Nobody likes to get a parking ticket, but a new program is allowing people to pay their fines in a unique way.

For the next three weeks, EasyPark is letting people pay their parking tickets with food, which the agency plans to donate to the Food Bank of Alaska.

EasyPark spokeswoman Melinda Gant said the program is proving very popular in the week that it's been up and running. Already, she said, the agency has collected food worth about $1,000 in parking citations. Gant said there's no limit to how many fines customers can pay with food, and it doesn't matter if the tickets were from last week or last year. 

"If a customer has parking citations in collections, we will pull those from collections," said Gant. "They can make their payment and wipe their slate clean from any parking citation history."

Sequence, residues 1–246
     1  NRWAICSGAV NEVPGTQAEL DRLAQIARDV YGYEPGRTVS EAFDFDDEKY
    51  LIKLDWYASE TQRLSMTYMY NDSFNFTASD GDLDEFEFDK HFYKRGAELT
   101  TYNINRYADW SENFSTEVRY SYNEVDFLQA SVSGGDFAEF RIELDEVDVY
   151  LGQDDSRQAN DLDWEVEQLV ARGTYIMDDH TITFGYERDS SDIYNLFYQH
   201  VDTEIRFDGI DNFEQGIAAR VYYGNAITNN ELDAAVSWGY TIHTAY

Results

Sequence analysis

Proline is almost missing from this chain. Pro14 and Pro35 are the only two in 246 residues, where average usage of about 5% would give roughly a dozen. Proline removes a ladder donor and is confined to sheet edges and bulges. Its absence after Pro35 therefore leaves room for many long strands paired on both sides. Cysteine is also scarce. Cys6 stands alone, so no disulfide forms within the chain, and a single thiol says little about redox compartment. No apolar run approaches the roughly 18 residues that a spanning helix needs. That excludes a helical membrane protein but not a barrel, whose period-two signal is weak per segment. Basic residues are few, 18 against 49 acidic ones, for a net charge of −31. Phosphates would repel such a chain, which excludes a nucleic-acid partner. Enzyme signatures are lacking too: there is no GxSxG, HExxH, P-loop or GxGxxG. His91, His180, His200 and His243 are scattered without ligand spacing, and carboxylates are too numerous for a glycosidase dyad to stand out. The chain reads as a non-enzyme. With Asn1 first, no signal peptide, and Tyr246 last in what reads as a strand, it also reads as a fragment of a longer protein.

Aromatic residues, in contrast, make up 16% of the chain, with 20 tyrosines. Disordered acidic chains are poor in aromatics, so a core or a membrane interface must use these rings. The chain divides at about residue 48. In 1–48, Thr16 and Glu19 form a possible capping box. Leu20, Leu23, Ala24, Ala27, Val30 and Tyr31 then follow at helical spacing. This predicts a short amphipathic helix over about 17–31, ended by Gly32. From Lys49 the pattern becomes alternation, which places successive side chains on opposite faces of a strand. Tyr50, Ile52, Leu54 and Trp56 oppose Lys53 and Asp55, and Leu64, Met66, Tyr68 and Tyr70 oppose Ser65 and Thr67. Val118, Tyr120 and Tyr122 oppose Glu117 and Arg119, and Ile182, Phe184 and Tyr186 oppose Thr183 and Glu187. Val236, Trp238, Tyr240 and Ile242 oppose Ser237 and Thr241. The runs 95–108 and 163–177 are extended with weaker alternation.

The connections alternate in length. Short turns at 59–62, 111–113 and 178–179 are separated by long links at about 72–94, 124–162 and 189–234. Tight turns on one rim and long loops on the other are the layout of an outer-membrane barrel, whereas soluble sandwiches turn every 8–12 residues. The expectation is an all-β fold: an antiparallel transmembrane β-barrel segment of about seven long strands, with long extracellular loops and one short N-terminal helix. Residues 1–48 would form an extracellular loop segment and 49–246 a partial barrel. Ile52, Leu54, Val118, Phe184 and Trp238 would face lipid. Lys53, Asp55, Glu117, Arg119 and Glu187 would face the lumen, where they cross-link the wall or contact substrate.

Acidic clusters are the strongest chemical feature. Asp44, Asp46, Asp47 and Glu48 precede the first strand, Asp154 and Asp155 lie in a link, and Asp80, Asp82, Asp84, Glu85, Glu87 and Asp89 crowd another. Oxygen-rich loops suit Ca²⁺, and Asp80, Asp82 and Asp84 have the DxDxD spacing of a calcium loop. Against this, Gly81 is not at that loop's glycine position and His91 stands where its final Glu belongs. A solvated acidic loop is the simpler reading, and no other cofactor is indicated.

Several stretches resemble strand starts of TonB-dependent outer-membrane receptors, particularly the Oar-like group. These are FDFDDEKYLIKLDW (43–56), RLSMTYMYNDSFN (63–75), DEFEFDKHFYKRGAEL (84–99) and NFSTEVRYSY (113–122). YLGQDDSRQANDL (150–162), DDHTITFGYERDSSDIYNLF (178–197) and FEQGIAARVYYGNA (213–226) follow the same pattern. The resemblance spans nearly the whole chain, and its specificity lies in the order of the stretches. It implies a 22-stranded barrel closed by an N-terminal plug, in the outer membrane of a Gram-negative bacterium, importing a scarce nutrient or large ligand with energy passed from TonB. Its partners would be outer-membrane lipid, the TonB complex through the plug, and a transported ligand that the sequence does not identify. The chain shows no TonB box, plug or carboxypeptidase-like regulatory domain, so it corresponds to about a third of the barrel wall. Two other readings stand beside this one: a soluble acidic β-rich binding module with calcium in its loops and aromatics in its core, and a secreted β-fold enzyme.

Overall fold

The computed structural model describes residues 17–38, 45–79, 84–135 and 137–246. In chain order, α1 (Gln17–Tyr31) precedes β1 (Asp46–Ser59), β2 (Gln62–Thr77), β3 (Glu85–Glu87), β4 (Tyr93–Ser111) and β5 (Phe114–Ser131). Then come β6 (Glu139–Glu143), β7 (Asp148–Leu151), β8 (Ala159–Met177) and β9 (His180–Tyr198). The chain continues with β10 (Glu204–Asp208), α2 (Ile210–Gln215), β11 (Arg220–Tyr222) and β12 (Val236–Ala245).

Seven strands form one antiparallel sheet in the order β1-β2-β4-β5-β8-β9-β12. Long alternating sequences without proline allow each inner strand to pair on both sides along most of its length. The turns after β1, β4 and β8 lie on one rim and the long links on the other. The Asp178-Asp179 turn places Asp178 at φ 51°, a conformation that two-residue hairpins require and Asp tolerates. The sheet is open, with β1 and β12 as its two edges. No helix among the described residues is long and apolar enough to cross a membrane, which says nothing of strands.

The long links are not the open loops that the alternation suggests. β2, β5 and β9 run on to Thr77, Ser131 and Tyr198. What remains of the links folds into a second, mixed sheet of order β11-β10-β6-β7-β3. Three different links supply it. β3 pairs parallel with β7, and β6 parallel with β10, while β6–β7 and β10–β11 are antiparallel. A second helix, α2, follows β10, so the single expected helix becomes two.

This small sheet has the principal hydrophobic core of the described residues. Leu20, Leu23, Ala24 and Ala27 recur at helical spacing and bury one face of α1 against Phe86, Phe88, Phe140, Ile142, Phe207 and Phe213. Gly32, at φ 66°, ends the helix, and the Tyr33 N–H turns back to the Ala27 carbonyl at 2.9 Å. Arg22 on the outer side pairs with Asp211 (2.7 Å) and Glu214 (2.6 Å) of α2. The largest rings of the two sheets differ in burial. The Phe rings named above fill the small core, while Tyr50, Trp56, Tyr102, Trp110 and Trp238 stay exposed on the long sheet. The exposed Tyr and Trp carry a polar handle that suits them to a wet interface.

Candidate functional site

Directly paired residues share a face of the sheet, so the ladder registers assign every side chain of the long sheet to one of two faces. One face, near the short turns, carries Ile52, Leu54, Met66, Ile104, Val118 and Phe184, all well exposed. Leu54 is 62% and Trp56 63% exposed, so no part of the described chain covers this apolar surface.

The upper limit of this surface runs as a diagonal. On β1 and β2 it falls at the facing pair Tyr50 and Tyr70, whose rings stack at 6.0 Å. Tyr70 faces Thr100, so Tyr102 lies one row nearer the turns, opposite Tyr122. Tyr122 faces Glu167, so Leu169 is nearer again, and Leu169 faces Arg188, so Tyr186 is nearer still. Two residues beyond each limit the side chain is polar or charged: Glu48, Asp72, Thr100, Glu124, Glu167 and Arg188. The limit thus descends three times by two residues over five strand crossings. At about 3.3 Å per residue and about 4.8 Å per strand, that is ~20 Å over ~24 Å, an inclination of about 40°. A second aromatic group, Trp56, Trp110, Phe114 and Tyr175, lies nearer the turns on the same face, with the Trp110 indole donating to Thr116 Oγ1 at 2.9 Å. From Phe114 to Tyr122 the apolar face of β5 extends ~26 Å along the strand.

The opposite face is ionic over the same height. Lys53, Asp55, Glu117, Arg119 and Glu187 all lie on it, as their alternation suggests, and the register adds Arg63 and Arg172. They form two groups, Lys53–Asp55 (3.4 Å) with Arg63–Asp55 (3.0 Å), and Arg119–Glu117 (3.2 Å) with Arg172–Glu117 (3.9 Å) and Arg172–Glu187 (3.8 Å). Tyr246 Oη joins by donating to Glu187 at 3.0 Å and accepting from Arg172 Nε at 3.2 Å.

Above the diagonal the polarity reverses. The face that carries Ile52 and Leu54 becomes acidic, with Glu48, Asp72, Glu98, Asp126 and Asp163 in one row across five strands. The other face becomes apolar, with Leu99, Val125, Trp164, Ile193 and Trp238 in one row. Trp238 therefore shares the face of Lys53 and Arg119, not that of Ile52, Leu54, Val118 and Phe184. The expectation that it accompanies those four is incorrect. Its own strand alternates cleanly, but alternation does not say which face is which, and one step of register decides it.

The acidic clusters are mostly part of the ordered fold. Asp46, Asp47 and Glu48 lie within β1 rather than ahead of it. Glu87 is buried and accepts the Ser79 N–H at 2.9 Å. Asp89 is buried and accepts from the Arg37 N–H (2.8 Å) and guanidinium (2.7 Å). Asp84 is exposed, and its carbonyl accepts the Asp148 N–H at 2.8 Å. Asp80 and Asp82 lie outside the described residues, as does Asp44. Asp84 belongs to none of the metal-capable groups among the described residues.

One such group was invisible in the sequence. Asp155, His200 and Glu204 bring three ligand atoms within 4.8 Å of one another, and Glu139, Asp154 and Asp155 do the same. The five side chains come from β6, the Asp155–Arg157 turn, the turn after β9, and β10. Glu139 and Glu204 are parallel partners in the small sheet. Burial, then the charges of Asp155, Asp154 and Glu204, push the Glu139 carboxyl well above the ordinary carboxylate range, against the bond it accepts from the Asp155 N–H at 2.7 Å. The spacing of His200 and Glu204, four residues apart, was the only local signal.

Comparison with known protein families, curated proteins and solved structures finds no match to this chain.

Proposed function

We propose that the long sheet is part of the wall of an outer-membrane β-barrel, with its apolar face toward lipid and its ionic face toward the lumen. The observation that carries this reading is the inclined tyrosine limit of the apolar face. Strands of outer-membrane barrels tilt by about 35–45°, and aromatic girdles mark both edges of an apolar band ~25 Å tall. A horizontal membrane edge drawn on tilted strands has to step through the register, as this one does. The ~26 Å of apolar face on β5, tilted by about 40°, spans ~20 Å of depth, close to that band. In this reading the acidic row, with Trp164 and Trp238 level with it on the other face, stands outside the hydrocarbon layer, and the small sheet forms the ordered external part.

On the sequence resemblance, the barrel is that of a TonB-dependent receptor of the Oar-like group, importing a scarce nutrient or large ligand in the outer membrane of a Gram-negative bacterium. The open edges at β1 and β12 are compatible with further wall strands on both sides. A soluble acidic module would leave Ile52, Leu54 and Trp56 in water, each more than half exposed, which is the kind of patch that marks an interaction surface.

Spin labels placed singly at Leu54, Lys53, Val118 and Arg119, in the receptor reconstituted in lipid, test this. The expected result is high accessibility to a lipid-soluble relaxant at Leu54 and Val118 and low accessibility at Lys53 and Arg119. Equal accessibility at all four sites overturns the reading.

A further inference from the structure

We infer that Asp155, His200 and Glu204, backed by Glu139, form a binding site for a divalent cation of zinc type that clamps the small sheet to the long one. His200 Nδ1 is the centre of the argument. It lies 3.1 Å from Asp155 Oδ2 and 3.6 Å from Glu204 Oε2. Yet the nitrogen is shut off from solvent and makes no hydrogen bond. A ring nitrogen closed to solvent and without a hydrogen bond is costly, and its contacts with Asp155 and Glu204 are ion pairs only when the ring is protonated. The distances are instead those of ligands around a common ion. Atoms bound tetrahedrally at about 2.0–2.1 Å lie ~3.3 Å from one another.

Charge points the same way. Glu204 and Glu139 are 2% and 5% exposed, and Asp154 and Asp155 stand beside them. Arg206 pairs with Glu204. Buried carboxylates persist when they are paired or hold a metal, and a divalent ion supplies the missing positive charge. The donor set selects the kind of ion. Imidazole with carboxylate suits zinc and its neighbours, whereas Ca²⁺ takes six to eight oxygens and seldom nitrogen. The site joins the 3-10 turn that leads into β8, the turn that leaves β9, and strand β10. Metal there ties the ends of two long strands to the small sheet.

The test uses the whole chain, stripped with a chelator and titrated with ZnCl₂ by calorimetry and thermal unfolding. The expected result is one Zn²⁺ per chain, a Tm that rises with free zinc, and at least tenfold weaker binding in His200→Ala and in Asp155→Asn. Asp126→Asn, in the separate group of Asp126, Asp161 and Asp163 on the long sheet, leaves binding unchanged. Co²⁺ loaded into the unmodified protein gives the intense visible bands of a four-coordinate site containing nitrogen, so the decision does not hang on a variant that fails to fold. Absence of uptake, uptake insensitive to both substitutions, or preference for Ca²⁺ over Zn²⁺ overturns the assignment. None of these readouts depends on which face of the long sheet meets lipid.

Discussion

Gant said the agency contacted the Food Bank to find out the most wanted items. She gave several examples of what would count for a typical $20 ticket: 10 boxes of mac and cheese, four large cans of Spam or two cases of Top Ramon noodles.

The food must be dropped off at the Easy Park office at 5th Avenue and B Street.

The program runs in Anchorage until Sept. 15. The Fairbanks Parking Authority plans to start a similar program that will run for the entire month of September.